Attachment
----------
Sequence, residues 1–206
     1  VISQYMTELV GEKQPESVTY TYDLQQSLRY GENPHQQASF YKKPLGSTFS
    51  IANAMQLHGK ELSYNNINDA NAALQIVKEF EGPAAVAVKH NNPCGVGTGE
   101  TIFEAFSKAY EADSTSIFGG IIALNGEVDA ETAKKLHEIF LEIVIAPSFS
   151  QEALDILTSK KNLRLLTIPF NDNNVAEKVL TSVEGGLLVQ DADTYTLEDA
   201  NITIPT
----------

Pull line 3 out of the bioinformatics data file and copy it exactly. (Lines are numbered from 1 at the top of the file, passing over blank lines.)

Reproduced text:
    51  IANAMQLHGK ELSYNNINDA NAALQIVKEF EGPAAVAVKH NNPCGVGTGE